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Regulating the regulators in the US: The conservative proposal of President Obama

This column examines the white paper on financial supervision issued by the Obama administration in mid-June. It focuses on the proposal’s preference for interagency cooperation over supervisory consolidation and warns that such an approach, while politically expedient, risks worse governance outcomes.

In mid-June 2009, President Barack Obama issued a white paper covering a wide swathe of areas of financial regulation that proposed a new architecture for financial supervision. The white paper proposed two new authorities: a National Bank Supervisor and a Consumer Protection Agency. The National Bank Supervisor will supervise all federally chartered banks. The new agency will incorporate two existing authorities: the Office of Thrift Supervision and the Office of the Comptroller of the Currency. The Consumer Financial Protection Agency will protect consumers across the financial sector from unfair and abusive practices.

Furthermore, the government plans to build up a body responsible for macro-prudential supervision. The white paper proposed to establish a Financial Oversight Council to identify systemic risks and improve cooperation among US regulators. Its membership will comprise the US Treasury, the heads of the Federal Reserve, the National Bank Supervisor, the Federal Deposit Insurance Corporation, the Securities and Exchange Commission, the Commodity Futures Trading Commission, the Consumer Protection Agency, and the Federal Housing Finance Agency.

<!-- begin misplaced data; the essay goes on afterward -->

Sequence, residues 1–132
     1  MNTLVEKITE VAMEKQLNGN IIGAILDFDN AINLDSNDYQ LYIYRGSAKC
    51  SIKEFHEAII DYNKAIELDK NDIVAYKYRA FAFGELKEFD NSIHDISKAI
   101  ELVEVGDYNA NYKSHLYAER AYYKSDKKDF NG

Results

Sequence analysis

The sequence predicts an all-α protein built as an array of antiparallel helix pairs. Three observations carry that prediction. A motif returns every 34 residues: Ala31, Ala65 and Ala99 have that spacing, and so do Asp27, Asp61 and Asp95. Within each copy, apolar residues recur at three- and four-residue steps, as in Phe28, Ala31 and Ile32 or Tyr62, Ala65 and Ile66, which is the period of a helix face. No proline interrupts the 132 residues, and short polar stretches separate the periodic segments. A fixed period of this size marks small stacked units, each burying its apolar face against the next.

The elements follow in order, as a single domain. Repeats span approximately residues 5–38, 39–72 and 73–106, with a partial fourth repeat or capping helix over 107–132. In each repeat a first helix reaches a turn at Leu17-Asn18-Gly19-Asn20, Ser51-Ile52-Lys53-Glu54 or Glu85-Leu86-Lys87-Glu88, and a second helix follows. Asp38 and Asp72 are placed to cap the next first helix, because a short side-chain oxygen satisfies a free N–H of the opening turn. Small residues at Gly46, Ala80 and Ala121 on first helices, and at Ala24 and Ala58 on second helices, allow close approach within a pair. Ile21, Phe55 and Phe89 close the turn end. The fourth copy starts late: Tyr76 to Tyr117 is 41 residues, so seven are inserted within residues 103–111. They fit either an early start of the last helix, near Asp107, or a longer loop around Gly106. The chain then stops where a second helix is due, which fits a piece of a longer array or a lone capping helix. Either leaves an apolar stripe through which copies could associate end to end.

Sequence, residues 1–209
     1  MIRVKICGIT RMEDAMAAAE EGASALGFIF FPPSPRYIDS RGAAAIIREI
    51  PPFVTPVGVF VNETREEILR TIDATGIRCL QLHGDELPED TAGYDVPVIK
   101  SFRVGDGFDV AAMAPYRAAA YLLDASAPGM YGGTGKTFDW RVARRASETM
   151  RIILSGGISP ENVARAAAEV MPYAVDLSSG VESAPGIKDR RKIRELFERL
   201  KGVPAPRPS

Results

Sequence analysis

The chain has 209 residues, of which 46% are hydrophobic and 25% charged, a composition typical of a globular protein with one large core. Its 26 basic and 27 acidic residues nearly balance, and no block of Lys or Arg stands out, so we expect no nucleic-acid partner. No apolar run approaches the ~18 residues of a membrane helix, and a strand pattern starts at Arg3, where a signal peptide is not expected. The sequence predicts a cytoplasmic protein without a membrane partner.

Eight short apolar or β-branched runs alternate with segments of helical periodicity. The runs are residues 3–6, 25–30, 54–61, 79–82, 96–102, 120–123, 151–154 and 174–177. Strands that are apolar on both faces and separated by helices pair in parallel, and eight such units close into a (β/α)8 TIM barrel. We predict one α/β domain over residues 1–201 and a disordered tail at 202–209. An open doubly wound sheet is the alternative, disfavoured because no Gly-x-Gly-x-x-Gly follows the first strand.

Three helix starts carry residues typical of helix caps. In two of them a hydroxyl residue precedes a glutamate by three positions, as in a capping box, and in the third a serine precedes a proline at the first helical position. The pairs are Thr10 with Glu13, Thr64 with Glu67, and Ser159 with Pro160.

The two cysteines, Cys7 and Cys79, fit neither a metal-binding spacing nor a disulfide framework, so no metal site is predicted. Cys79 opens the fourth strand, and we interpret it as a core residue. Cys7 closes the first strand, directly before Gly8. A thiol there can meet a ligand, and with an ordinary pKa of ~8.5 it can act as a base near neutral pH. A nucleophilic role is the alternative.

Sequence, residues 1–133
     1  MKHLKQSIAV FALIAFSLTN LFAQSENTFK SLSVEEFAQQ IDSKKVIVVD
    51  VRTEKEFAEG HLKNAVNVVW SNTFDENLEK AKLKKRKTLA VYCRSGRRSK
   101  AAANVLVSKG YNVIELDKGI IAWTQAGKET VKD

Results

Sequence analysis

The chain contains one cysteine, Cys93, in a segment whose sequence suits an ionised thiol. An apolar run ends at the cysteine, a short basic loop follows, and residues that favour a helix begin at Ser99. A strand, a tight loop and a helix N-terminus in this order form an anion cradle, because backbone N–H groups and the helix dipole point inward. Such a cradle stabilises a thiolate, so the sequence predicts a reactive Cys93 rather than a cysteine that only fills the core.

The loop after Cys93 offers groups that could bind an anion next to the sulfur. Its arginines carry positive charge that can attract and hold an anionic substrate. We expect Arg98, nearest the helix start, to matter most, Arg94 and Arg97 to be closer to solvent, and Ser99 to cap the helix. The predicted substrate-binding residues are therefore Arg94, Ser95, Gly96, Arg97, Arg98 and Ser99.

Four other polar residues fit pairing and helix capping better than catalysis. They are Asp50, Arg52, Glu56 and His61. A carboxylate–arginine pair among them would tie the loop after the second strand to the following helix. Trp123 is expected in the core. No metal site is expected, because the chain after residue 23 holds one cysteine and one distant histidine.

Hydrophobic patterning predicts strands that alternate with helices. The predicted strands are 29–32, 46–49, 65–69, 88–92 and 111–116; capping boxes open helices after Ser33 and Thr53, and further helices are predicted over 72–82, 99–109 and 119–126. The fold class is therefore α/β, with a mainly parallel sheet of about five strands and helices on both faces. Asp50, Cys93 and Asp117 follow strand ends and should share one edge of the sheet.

Regarding the central bank, the white paper proposed to increase the powers of the Federal Reserve. The Federal Reserve would be given new responsibilities to supervise all institutions that could represent a threat to financial stability, even those that do not own banks.

The Obama proposal confirms the hybridism of the regime, with many authorities (such as the Federal Reserve or the new Consumer Protection Agency) monitoring more than one segment of the market and others focusing on only one. The proposal does not follow the trend toward supervision consolidation, even though the crisis made evident that the fragmented supervisory setting can be incapable of monitoring the integrated, interconnected, and complex reality of US financial markets (Leijonhufvud 2009). The proposal preferred to promote interagency cooperation instead of agency consolidation. How can we explain the path dependency of the multiple-authorities regime?

First, there are so far no theoretical studies in the economic literature that consider the US policymaker objective function in designing the financial supervision regime. A recent empirical paper (Dalla Pellegrina and Masciandaro 2008) highlighted a possible relationship between multiple-authority regimes and bad governance practices. In terms of the relationship between bad governance and supervision, the study interprets the latter as a possible way of compensating lobbies (vested interests) with power, in a setup where rent-seeking behaviour involves reciprocal string-pulling. Hence, more rent-seeking politicians will seek to create more institutions (or leading positions) in order to please all interests in terms of power and future connivance.